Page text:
Planet Money - Political Ad Nauseam

It's presidential election season, and that means it's political ad season. But who do ads target, anyway? | Subscribe to our weekly newsletter here.

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This is planet money from NPR.

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So as you may be aware, there is a presidential election coming up in a few weeks and the campaigns of the two candidates are moving a lot of money around right now to try to win that election. Yeah, we got reports of of President Trump pulling millions of dollars out of Ohio and Iowa and then Joe Biden's throwing another million at Minnesota and then Trump putting money back into Ohio and Iowa and for a person these are life-changing amount of money, but for a presidential campaign, this is nothing. These are just tiny tactical moves on the edges of a much much bigger sing between the official campaigns and the super Pacs political action committees by election day the advertising spend for the presidential general election is expected to be a billion dollars a billion dollars for ads in the presidential campaigns are not just spending all that money willy-nilly they've got these very sophisticated models of the entire American electorate.

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Models that try to answer the question of how you can turn all of those dollars into a win on Election Day and you know, we're nosy reporters. We wanted to take a peek at those models. So we asked Trump campaign at the Biden campaign. Hey, we just like shoot us over your fancy strategy spreadsheets Theseus on your internal emails. But but as soon as it happens, they are quite secretive about this stuff slide or finger down the list of major political advertisers until we found somebody who would talk to us all the time. They paid media director at priorities USA, which is a democratic Super PAC engaging in the 2020 election after is a button campaign itself priorities is the biggest political Advertiser on the left on just a presidential elections.

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Evenly across the country into the thing we wanted to know was who specifically he's the person being targeted by the campaigns. Like what kind of person is having the most amount of money spent on them. If you we were to look at the whole universe of presidential spending by the campaigns by outside groups.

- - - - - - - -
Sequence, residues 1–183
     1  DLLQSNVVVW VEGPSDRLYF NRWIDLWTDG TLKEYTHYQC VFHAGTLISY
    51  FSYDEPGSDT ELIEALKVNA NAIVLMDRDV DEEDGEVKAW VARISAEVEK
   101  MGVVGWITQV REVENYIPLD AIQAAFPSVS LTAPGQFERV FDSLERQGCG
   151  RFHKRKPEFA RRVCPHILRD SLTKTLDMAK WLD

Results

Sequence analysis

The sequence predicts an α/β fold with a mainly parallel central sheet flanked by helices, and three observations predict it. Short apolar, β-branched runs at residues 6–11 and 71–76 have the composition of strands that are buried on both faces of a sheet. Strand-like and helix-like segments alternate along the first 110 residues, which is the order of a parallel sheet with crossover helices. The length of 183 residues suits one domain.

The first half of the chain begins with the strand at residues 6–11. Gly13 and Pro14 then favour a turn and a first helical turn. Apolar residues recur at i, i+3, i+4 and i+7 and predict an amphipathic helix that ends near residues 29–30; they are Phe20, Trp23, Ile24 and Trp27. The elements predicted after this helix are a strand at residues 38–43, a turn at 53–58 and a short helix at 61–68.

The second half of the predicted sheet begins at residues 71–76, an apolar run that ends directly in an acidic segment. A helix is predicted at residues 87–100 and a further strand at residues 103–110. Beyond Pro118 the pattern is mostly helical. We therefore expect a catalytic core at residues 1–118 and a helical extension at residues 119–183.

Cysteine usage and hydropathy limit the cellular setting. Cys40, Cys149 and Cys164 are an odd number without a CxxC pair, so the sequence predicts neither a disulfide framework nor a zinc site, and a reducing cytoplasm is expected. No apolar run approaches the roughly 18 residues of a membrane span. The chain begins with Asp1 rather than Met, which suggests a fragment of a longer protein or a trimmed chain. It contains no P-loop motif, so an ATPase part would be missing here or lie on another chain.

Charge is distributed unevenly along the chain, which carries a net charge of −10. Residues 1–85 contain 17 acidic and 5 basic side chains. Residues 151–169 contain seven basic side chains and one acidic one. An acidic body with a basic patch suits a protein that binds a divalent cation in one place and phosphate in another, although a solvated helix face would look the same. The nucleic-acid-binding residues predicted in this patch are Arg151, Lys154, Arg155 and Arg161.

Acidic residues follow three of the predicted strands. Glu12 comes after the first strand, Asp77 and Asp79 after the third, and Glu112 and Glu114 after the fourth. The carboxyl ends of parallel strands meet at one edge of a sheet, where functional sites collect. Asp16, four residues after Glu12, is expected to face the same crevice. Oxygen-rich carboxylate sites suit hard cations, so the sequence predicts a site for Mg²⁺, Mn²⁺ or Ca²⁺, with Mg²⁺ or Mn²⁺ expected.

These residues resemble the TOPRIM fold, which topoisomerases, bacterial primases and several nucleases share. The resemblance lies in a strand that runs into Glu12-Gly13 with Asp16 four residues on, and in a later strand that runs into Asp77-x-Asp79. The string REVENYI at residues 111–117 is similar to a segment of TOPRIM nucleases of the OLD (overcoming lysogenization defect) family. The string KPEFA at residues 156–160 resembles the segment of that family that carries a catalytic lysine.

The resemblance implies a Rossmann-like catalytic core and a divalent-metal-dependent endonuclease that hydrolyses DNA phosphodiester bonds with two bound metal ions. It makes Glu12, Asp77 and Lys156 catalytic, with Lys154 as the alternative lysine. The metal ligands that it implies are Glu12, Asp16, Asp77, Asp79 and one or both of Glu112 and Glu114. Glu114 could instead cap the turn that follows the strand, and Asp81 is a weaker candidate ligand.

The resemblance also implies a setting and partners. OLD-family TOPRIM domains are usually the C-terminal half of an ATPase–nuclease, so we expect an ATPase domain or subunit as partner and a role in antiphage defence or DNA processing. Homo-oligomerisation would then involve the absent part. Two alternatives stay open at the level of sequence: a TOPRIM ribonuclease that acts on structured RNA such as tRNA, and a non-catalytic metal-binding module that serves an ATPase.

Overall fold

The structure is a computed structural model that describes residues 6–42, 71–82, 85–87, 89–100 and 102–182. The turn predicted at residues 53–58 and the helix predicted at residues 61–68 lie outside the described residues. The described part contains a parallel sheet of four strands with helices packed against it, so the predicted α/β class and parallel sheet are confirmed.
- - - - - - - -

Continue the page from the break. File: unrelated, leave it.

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What does your gut say the most expensive voters in the country would be in terms of advertising spend? Where do you think they would be is quantifiable? Can you open that that spreadsheet and read off the top three names today?

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I feel like I'm not answer your question though, because she would not answer. My question is the most expensive motor quantifiable. Yes measurable. Yes Sheriff not so much.

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Hello and welcome to Planet Money. I'm Keith Romer and I'm Kenny Malone. We may not be allowed to look at the campaigns secret spreadsheets, but we are not going to let that deter rest today on the show. Try to find the most expensive voters in the country. The people that campaign spend the most to reach you want to find out who these two campaigns think hold the key to becoming the next president of the United States. All you have to do is follow the add money to okay, Bob Woodward.

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As much as campaigns want to keep spending secret federal law actually requires TV stations around the country to disclose all the political ad the campaign's by and those TV at 4 something in the ballpark of 60% of campaign ad spending a lot of the rest is stuff like Google and Facebook ads at endo's companies actually don't have to disclose as much information about the ads So today we're going to focus on TV spending the majority of the spending. So think of the United States as a giant game board to campaigns walk around the board. They put some of their add money down this part of the country little bit more over here and the way they put that money down tells us what place is they think are most important for winning the election if you're looking just at the state level the bronze medal goes to Wisconsin 64 million dollars worth of TV ads. They're not surprising Wisconsin was one of those states that Trump flipped from the Democratic call him back in 2016 silver.

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Pennsylvania with 107 million dollars worth of TV ads and in first place with 130 $3000000 America's favorite election meltdown waiting to happen Florida my beloved Florida. This is just our beginning calculation. We're going to dig in more but there are lessons to learn just looking at the big picture the big campaign game board. This is not a monolithic place. You're going to have super Republican areas like the Panhandle and then big Democratic areas around places like Miami and you might imagine that the most cost-effective thing is for the Republicans to completely pull out of the democratic strongholds and vice versa. But in fact neither political party is doing that. The whole state is getting bombarded with ads from both sides Daniel Butterfield from the Super PAC priorities USA. She says it can start to turn into some